- There were some missing values in this dataset, which were handled by WarpPLS employing the most widely used approach in these cases – i.e., by replacing the missing values with the mean of each column. The percentages of missing values per variable (i.e., column) were: alcohol consumption: 27.78%; life expectancy: 5.56%; and obesity: 33.33%.


R. K. said...

Another oddity. FAOSTAT shows a lower per capita consumption of pigmeat in Denmark when I look at the 2007 data. (49.7 kg or 109.6 lbs). The NationMaster data appears to be older and the comments about 'pork consumption' indicate some skepticism about the data (click on 'Definition'.)

Ned Kock said...

The Bridges study, cited in the post and published in 2003, lists pork consumption in Denmark at around 65 kg/p/y. That is about 143 lbs/p/y.

In the Bridges study sample Denmark is not the biggest consumer of pork. That honor goes to Austria, which also has low obesity levels and high life expectancy.

Pål Jåbekk said...

Very interesting Ned. I would have liked to see wealth added to many other epidemiological nutrition data to see how it confounds. Also, I think the Danes are getting quite fat. Over 40% of males there are overweight.

js290 said...


As an aside, Asians suffer from poor glucose control and insulin resistance that may not necessarily manifest itself as obesity.

R. K. said...

I see my confusion. They used FAOSTAT data from 1996, whereas I was looking at 2007 data.

But then, that raises another question. Was pigmeat consumption consistent in Denmark over the years?

Looking at years 1961 to 2007, in kg, the mean was 50.5, the max was 70.6, and the min was 29.65.

Ned Kock said...

Hi Pal. The overweight percentages tend to be quite a lot higher than the obese percentages. I think that 40% is a good guess for the “adult” male population that is “overweight” in Denmark. The percentage of obese is quite a bit lower. This article has a graph that illustrates the differences:

John said...

This is cool to see in combination with Jaminet's posts. Someone referenced the Weston A Price article about pork preparation, which is interesting; Paul mentioned bacon's apparent protectiveness from his data; I linked in the comments a study about bacon protecting rats against colon carcinogenesis (and keeping them lean)--just some more information to consider. I'm sure things like cut and pig's diet matter a lot as well. "Pork" doesn't tell us too much.

I have heard stories of people experiencing inflammation reactions (swollen gums, joint pain) with pork, but it hasn't happened to me.

Ned Kock said...

Hi John. The WPF article you referred to may be this one:

I am wary of studies that show “negative results” soon after something is eaten. If you look at various health markers immediately after resistance exercise, you may be able to make a “convincing” case for it being unhealthy.

Ned Kock said...
This comment has been removed by the author.
Ned Kock said...

I often run into people who say that they’ll have a headache if they don’t eat anything for 4 hours or more. And guess what? They do have headaches, and feel physically ill, from fasting for 4 hours or more.

That happens until they realize that there is no reason for them to have the headaches.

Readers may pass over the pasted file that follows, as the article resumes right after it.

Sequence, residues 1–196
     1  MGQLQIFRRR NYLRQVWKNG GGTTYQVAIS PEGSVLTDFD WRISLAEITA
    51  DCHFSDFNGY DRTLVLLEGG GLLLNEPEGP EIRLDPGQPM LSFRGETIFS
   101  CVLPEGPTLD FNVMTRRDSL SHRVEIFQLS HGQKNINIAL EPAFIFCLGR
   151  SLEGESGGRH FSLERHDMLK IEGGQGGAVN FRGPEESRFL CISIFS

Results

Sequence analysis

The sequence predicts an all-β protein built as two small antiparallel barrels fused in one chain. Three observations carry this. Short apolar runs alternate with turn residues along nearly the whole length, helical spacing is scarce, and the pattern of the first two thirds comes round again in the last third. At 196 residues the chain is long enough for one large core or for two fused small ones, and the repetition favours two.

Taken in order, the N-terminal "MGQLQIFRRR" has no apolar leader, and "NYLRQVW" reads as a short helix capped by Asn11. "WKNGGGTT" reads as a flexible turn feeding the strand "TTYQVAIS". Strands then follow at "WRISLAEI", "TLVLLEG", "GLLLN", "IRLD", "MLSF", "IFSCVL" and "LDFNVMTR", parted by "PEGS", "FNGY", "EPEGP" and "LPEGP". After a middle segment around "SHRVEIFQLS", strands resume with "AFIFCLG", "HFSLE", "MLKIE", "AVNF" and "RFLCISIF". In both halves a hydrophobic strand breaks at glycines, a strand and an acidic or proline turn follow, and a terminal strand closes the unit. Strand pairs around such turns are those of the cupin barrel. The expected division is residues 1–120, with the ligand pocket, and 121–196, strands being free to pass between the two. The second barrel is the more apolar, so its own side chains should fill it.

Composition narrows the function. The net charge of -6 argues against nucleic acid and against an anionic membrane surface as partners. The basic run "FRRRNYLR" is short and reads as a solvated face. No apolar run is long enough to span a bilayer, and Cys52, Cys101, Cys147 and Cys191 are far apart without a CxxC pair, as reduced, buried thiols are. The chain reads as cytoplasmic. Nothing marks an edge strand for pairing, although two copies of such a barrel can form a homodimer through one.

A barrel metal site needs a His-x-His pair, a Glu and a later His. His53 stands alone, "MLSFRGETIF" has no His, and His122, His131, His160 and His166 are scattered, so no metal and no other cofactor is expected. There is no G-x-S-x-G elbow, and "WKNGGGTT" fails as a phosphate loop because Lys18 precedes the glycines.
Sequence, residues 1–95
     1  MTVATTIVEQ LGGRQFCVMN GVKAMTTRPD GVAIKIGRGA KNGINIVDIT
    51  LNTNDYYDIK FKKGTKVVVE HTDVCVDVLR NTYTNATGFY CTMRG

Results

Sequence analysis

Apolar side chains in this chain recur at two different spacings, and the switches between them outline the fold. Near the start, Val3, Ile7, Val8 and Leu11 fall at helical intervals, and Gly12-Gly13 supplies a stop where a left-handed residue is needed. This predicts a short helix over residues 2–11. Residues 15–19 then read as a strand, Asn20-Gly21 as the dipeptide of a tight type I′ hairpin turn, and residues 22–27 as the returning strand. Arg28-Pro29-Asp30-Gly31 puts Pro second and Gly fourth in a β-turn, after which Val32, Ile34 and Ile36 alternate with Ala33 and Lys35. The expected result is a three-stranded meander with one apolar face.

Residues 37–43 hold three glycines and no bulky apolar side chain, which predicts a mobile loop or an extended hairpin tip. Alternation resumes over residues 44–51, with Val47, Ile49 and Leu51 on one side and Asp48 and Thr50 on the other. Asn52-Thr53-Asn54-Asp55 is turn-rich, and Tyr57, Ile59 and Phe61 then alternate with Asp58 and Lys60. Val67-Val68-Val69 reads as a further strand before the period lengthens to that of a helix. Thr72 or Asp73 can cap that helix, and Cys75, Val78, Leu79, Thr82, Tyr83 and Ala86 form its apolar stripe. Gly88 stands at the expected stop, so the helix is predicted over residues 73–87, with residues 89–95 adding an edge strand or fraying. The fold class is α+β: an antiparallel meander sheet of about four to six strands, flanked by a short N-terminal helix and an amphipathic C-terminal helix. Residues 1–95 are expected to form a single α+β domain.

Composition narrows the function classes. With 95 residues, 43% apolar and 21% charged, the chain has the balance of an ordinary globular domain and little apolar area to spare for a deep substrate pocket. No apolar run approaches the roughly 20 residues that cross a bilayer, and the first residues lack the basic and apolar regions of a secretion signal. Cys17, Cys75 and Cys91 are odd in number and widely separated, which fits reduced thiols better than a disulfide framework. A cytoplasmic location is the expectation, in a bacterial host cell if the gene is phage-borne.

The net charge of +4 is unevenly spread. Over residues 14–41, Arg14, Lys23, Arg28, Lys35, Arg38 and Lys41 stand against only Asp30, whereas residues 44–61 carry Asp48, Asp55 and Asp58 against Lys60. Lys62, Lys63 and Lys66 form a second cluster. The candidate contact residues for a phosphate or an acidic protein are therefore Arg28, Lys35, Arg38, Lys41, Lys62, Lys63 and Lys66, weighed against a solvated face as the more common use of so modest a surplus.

They stop having them, even when they fast for 20 hours or more.

If people believe strongly that a food will cause them harm, frequently they will display physical manifestations of health problems after eating that food ...

John said...

Those are good points. You are implying that the found effect was influenced due to Weston A Price "believers"?

Though that was a post-meal observation, there does seem a be a positive effect of bacon, which makes it seem like the omega-6 content is not what causes problems, if there are problems at all.

Jaminet has posted his conclusion now, so there's something else to perhaps consider.

Ned Kock said...

Hi John. The psychological effect comment is unrelated to the WPF study. I’ll check Paul’s post. Thanks.

Ned Kock said...

My understanding of Paul’s pork trilogy is that the most likely culprits are pathogens that are inherent to pork, with pig organs and blood being particularly problematic in that respect.

Well, I am not convinced, and it is not only because of the population data analyses in my last two posts. We simply cannot ignore the traditional Okinawans, the longest-living traditional population in the world, who eat pigs from head to tail as a dietary staple:

As for the country level data analyzed in this and the previous post, it is quite possible that pork consumption, at the country level, is a marker for choline consumption from pig products. If that is true, then avoiding products containing pig organ meat would not be a very good idea.

Ned Kock said...

One more comment related to confounders for hepatitis E. Some studies, like the one below, may give the impression that pork consumption is a major cause of HE:

From the article linked above: “Antibodies against hepatitis E virus (anti-HEV) were found in 248 Swedish and Danish patients between 1993 and 2007 … Patients with hepatitis of unknown etiology should therefore be investigated for anti-HEV even if they have not been outside Europe, since infections acquired from pigs or other animals should be taken into consideration.”

Still, the main cause of HE is known to be poor sanitation. Moreover, the percentage of incidence in the population suggested by the article linked above would be inconsistent with claims based on studies like Bridges’s, cited in my two last posts.

Finally, when you read the article linked above more carefully, you see things like this: “Among patients with known country of infection, most were infected in Asia, mainly on the Indian subcontinent.”

Well, pork consumption in India is fairly low compared with Denmark …